Nixon

June 1, 1994
By

Richard M. Nixon

No other name invokes such polarizing passions among citizens the world over. But whatever the personal feelings, one fact cannot be disputed. Richard Nixon was, and always will be, remembered as a major force in 20th century American politics.
Watergate crook or World Leader?
The debate still rages, but the debate is misguided. The historians, politicians, self proclaimed statesmen, and the infamous “Beltites” (those hundreds of “experts” who have all the answers without ever bothering to ask the questions) are all missing the boat. They debate the man when they should be reflecting upon the time.

Not since the civil war had the country been so divided. As terrible as the civil war was, Lincoln’s Presidency still revolved around one basic premise: states rights vs. Federalism. Five score and eight years later, Richard Nixon assumed control of a country once again embroiled in battle against itself. Though the ammunition was words rather than bullets, this time the battles raged on many fronts, each one capable of widening the schism.

A conflict halfway around the globe was spewing American blood,

The civil rights movement was reeling from the assassination of its two greatest champions,

Business profits were pit against worker safety and protection of the environment,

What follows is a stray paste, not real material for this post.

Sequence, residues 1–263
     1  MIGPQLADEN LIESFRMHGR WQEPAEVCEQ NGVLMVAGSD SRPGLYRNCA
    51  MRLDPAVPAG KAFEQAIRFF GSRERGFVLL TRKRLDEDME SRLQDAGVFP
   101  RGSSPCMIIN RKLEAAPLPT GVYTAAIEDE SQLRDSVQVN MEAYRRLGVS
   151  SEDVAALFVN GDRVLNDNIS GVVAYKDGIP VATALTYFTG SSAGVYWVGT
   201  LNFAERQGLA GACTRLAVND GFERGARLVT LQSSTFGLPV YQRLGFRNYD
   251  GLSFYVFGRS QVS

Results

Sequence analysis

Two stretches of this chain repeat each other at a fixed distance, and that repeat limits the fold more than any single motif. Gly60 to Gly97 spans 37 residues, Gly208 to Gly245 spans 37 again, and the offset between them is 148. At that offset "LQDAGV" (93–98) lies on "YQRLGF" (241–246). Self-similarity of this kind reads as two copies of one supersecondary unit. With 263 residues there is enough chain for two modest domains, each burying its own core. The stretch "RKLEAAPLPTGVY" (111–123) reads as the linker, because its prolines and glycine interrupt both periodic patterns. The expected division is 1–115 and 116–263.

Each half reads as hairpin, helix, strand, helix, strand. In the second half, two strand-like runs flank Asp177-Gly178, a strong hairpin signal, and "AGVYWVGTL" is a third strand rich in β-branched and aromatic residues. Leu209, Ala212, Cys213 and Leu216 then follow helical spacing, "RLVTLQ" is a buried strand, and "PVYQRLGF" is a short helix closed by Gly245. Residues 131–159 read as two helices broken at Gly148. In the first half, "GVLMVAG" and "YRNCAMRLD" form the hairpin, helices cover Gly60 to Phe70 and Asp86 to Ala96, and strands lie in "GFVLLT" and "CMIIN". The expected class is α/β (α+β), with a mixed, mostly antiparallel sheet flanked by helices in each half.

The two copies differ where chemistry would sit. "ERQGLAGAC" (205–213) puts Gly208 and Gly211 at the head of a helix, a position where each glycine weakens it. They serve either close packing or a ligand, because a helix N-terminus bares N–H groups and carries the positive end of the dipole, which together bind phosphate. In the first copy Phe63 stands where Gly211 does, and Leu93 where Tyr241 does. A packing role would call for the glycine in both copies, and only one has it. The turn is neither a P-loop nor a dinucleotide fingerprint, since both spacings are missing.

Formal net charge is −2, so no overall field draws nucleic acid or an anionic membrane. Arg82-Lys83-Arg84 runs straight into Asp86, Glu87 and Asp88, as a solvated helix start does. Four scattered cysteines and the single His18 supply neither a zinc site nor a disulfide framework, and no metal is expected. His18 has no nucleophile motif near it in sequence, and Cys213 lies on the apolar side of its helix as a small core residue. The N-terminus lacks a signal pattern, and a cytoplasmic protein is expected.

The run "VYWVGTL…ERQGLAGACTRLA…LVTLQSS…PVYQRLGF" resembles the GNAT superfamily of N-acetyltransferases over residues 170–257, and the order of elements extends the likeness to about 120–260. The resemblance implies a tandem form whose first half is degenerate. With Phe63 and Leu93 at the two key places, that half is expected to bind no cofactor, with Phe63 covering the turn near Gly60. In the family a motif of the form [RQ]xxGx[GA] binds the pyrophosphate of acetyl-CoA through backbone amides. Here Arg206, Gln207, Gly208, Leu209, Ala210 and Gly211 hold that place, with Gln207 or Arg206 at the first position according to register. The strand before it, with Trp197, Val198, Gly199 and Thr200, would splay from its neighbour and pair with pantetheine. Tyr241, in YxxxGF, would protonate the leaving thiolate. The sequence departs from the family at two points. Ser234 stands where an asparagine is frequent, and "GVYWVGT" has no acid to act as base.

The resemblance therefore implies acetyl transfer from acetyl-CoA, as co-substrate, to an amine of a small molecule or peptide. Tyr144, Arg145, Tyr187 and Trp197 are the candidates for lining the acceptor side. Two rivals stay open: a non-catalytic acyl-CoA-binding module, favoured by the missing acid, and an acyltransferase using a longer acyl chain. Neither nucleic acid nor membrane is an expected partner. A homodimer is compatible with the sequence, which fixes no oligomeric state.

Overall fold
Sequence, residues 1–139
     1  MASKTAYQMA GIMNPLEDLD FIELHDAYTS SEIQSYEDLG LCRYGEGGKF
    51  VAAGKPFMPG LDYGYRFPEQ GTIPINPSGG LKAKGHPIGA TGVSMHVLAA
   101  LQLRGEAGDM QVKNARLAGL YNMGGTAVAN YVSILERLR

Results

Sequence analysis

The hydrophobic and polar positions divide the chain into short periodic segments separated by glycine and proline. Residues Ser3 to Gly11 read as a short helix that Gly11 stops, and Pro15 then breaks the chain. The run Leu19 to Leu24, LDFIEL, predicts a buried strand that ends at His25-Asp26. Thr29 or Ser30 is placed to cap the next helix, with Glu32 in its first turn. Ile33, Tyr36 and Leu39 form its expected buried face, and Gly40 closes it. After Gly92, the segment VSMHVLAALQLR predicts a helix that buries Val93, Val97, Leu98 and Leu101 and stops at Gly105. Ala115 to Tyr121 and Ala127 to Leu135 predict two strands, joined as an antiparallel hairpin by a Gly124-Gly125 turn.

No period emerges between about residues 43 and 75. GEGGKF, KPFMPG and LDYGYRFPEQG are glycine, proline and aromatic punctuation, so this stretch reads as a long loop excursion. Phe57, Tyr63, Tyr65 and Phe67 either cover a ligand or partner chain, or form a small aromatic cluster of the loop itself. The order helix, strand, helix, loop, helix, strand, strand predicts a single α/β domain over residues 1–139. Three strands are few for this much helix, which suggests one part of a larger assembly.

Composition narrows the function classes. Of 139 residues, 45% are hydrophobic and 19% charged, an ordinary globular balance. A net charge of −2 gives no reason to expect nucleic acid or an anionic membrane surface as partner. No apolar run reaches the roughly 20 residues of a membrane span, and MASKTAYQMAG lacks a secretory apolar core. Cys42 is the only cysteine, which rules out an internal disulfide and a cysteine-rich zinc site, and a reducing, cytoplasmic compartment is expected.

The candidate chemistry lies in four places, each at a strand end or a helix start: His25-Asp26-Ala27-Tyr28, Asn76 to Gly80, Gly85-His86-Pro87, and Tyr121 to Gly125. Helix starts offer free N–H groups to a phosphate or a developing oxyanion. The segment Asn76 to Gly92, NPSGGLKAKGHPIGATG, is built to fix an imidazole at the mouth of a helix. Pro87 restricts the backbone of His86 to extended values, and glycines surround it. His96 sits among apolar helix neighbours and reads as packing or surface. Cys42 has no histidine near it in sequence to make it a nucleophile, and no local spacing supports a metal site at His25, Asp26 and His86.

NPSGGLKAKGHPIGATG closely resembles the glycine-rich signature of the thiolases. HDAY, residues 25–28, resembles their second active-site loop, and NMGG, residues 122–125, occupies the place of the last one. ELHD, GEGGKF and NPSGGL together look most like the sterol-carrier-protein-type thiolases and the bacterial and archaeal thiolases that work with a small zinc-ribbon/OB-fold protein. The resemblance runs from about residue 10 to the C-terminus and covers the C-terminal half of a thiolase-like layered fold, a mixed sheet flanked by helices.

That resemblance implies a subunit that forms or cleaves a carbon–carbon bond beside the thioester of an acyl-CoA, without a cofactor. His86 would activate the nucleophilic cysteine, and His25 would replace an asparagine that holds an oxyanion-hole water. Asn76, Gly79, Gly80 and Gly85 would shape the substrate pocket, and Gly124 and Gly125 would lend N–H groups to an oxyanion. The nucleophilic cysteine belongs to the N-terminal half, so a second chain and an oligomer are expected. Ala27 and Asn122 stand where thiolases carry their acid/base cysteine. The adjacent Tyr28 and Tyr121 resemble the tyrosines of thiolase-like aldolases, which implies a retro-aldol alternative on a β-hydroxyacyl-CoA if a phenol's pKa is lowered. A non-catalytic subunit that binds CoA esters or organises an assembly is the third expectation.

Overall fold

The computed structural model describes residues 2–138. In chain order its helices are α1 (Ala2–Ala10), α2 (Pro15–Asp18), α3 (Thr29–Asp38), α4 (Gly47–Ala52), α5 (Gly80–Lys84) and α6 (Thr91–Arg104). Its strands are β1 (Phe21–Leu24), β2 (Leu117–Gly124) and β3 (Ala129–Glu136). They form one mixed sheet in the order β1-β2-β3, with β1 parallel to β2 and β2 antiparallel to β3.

Advocates for the poor were demanding more while others espoused “enough is enough”,

Economists debated the gold standard,

Long standing moral beliefs were being challenged in the name of individual choice,

Communism was injecting its cancer around the globe at an epidemic rate,

And, through it all, the rest of the free world pulled its head out of the sand only long enough to criticize any action we did take. In summary, the nation was being ripped apart at the seams. It was during this time that Richard Nixon was faced with the duties of President of the United States.

The debate will continue for generations as to HOW things were done, but no one can deny WHAT was done. By the time it ended, the bleeding had at last been stopped, we once again emerged the leader of the free world, and America could finally turn her attention to healing the wounds which very nearly destroyed her.

Yes, the battles of words still rage, and yes the United States still has her critics, but the legacy stands:

The fruits we enjoy today, are the result of seeds sown by Mr. Nixon years ago.

As the “historians” write and re-write his epitaph, I only hope they remember one thing: That when stripped to our soul, we are all but mere mortals, each with our own flaws and frailties. The ultimate judge is not history, but the man in the mirror and the individual God in which he believes. And this author believes, Mr. Nixon’s God is pleased.

Respect and reverence.

Richard Milhouse Nixon
(1913 – 1994)
©gc1994

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